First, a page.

Expert Picks

What to Do in Chicago This Week: March 25-31

Photo by Sarah Larson/Courtesy of Parlour Car

This week in Chicago, brace yourself for theater rooted in colonial history, enjoy art with a side of ping pong, raise a vodka glass to a Russian classic and enjoy some free comedy in Bridgeport.

The Ridiculousness Darkness 
I have said it before and I will say it again: I see everything by Sideshow because they do great work. Period. Get ready to confront our shared colonial history in this comedic, horrific spin on Heart of Darkness and Apocalypse Now. Sideshow warns us all that this “play contains disturbing imagery, gun violence, racialized language, loud noises and is not intended for very young theatre-goers.” I am so there. Details: March 24-April 28 at Sideshow Theatre
– Tanuja Jagernauth

Mystic Night at Whiner Beer Tap Room
Whiner already has a pretty special space with plenty of fauna and creative energy flowing. So we can’t wait for their Mystic Night. Expect quality brews to pair with tarot readings from Tarot by Laura Gonzalez. Details: March 27, 7-11 p.m.
– Jim Morris

What My Eyes Behold Is Simultaneous at SITE Galleries
The dynamics of ping pong take centerstage in this solo exhibition by filmmaker Thuy-Han Nguyen-Chi, who will present multi-layered film and sound installations that recreate this game. Except…no players feature here—just haunting, enigmatic traces of some distant exchanges. Details: March 28
– Claire Voon

Photo courtesy of Russian Tea Time/Facebook

Parlour Car Pop-up at Maria’s Packaged Goods & Community Bar
Formerly at the now shuttered Bar DeVille, (and later Sportsman’s Club), the Chicago-based stand-up show has been on hiatus for roughly a year. Chicago Magazine named Parlour Car “the best stand-up show in Chicago,” and it’s been featured in the Chicago Tribune, Sun-Times, Chicago Reader, RedEye and morning news. The lineups feature a diverse offering of the best comedians in Chicago, and the shows are no stranger to drop-in guests (former drop-ins include Marc Maron, Hannibal Buress, Kyle Kinane and TJ Miller). The show is free (with a suggested donation), and seating is first come, first served, so get there early if you want a seat. Details: March 28, 9 p.m.; free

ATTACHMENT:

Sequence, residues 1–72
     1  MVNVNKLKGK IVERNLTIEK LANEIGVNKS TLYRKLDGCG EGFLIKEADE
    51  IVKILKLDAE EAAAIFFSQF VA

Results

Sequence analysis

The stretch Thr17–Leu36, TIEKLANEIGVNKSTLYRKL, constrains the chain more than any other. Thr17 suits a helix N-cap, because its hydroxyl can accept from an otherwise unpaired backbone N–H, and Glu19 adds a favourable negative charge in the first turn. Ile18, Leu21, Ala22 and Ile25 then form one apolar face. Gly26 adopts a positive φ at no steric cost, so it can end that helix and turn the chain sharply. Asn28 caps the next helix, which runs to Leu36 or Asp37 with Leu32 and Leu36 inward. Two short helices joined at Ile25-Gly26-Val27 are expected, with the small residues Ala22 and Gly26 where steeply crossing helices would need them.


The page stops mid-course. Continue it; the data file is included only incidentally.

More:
– Matty Ryan

Russian Tea Time Turns 25
A longstanding icon in the Loop, Russian Tea Time turns 25 this year and it’s celebrating with a month-long prix fixe special. For just $25, guests can enjoy a three-course menu with optional dishes per course, like Ukrainian borscht, mushroom-barley soup, meat-filled dumplings, Moldavian meatballs and Russian garden salad. The menu also comes with either house-flavored vodkas or red or white wine. Details: Through March 31
– Matt Kirouac

The Practical Application of Networks to the Body at International Museum of Surgical Science
Come see what the museum’s artist-in-residence, Jon Chambers, has been making after spending months deep in the archives researching the spread of electricity in the late 19th and early 20th centuries. His new media art contemplates today’s information-flooded world, responding to our habits of swiping, tapping, clipping and other screen-based gestures. Details: March 29
– Claire Voon

Jon Chambers, Diathermy, 2019/Courtesy of the International Museum of Surgical Science

Seussical the Musical 
Head up to Lincolnshire to the Marriott Theatre for a performance with everyone’s favorite Cat in the Hat in Seussical the Musical through March 31. Their shows are always super interactive and there isn’t a bad seat in the house! Stick around after the performance for an interactive Q&A session with the cast. Tickets are $18.23
– Samantha Lande

Uppers & Downers at Thalia Hall
The 6th annual Uppers & Downers returns to Chicago with more samples of coffee, beer and coffee beers, of course. But it also promises to enhance your other senses with things like lactic fermentation sensory, culinary experiments, food tastings and more. Details: March 30, 11 a.m.-3 p.m. (session one) and 4-8 p.m. (session two); tickets are $65-100
– Jim Morris

Sweat
Lynn Nottage is a Pulitzer-winning playwright, and Sweat is the kind of timeless play that our city needs right now. When close friends are divided by disparities in access to job security, the impact on a community can be devastating. I can not wait to see Tyla Abercrumbie as Cynthia. She was brilliant as Nya in Pipeline at Victory Gardens, and I am anxious for more! Details: Through April 19 at the Goodman Theatre
– Tanuja Jagernauth